Enterprise Modeling Anti-Patterns

Recently reviewed A process anti-pattern is a common strategy which sounds good in theory but in practice proves to be harmful, if not outright disastrous. This article overviews a collection of anti-patterns pertaining to enterprise architecture efforts within an IT organization. These anti-patterns are:

Anti-Pattern Problem Solution
30,000 Feet and Climbing The enterprise model is so high-level that it is of limited or no practical use to application teams. Develop reference architectures which provide working examples of individual aspects of your architecture.

Roll up your sleeves and get actively involved with the development teams.

Act on feedback from the development teams to evolve your model(s).

Bleeding Edge The architects are constantly trying out new technologies and techniques before they are mature or stable enough to deploy effectively. Accept the fact that older technologies do in fact work quite well; the majority of your business may still be batch COBOL running on an IBM mainframe, and that's actually the best platform for those systems.
Brain Trust Parking Lot Your enterprise modeling group is composed of a lot of very smart people who don't fit in well anywhere else within IT but you don't want to lose their knowledge. Find a way to make them useful to existing project teams, perhaps as a modeling mentor or as a subject matter expert (SME) in the business domain.

Recognize that if they can't provide value within your organization now, then it is unlikely they ever will be able to do so. Motivate them to find employment elsewhere.

Buzzword-Driven Architecture

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Architecture By Magazine

Your enterprise architecture model depicts an amalgam of technologies, many of which were added into the model when someone read about a "really cool" new technology. Recognize that your first priority is an architecture which meets your actual needs, not one which you can brag about to your buddies on the golf course.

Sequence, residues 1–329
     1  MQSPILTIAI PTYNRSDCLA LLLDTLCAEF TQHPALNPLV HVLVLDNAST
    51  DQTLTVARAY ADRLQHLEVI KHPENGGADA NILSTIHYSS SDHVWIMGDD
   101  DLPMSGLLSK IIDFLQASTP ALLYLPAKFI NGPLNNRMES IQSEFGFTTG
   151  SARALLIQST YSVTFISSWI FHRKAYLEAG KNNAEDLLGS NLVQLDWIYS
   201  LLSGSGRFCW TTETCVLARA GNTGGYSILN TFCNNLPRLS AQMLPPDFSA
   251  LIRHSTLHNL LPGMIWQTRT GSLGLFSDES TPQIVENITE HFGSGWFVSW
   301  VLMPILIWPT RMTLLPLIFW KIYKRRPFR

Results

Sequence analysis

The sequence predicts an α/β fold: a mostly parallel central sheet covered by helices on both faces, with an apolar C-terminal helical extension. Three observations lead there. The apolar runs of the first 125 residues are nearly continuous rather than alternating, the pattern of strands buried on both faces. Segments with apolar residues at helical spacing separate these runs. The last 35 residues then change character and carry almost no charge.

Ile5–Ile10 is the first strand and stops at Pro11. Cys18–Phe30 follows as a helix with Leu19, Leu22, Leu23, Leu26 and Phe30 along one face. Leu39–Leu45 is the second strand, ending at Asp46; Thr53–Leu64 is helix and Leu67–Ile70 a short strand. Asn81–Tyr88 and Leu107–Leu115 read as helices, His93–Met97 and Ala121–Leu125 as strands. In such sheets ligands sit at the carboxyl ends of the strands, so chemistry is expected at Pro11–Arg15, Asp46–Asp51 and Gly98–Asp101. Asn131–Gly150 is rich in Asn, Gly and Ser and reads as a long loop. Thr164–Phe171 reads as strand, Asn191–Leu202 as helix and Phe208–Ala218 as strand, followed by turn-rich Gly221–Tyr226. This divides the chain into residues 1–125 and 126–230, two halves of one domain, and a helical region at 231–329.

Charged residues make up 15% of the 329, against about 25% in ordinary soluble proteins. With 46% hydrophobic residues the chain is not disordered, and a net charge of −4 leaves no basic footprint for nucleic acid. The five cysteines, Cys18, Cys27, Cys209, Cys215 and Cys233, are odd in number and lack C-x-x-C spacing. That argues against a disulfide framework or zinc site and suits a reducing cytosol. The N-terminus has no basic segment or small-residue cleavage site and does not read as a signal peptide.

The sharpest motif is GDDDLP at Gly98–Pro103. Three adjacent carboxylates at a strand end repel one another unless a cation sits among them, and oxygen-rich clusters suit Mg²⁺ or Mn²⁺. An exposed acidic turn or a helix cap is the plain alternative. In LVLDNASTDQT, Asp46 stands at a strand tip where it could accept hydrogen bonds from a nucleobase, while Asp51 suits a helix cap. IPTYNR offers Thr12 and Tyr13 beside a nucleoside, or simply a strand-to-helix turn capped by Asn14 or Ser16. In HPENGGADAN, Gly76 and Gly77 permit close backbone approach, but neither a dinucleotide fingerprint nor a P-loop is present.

The decision to add a new technology should be made by people with the expertise, and who have taken the time to prove that it works. It should not be a political decision.

Detailed Enterprise Model The enterprise model(s) are overly detailed, often in an attempt to comprehensive define what the enterprise does (or should do). Recognize that people rarely read the details, often because they're not interested in them or because they don't trust them to be accurate. What is typically needed is a solid overview and vision of what is required.

Model with a purpose and know the audience for your model(s), enabling you to model just enough.

Work with your audience to develop the models: they're the best judges of what they need, not you.

Enterprise Parking Lot An organization forms an enterprise modeling or enterprise architecture group and "parks" a lot of really smart people there because they don't want to lose the people but at the same time can't find practical positions for them. Recognize that just because someone is really smart, that doesn't mean that they're ready, or ever will be, for an enterprise group.

Staff your enterprise groups with people who can actually get the job done.

Fund your enterprise groups appropriately.

Goldplating The architects overbuild the architecture to implement really cool features that you might need at some point, but these features don't add value today (and may never do so). Consider the big picture by doing some initial envisioning but also trust in your ability to solve tomorrow's problems tomorrow. If you have the skill to address a problem today, won't you also have the skill to address it just in time (JIT) when and if you need to?
Ivory Tower Architecture Your enterprise architecture model(s) reflect a wishful, perfect world scenario instead of the realities of your actual environment. See the solution to 30,000 Feet and Climbing.
Modeling for Modeling's Sake Someone thought it would be a good idea to develop an enterprise model but did not have a concrete plan for how to use it in practice. Vague ideas that development teams will be able to use the model for guidance aren't sufficient. First garner support for enterprise modeling and then only model enough to add immediate and obvious value to your IT organization.
One Truth Above All Else The "one truth" philosophy says that it is desirable to have a single definition for a data element or business term, that there should be a common, shared definition for your master reference data and perhaps even your major business entities. The "One Truth Above All Else" anti-pattern occurs when this philosophy is taken to the extreme and you seek to get to the one truth about all data entities and data elements within your environment. Recognize that the true goal is to deliver business value, not perfect data. Requirements and priorities change, so you must be willing to evolve your database anyway. Be flexible about defining the semantics for your data.
Real World Disconnect The enterprise models reflect the vision, and the misunderstandings, of the modelers but do not reflect what your business stakeholders actually require. Recognize that just because someone worked in the domain 20 years ago doesn't mean that they still understand what is going on in the business today.

Involve the people who actually execute the business processes and get their perspective in the modeling process.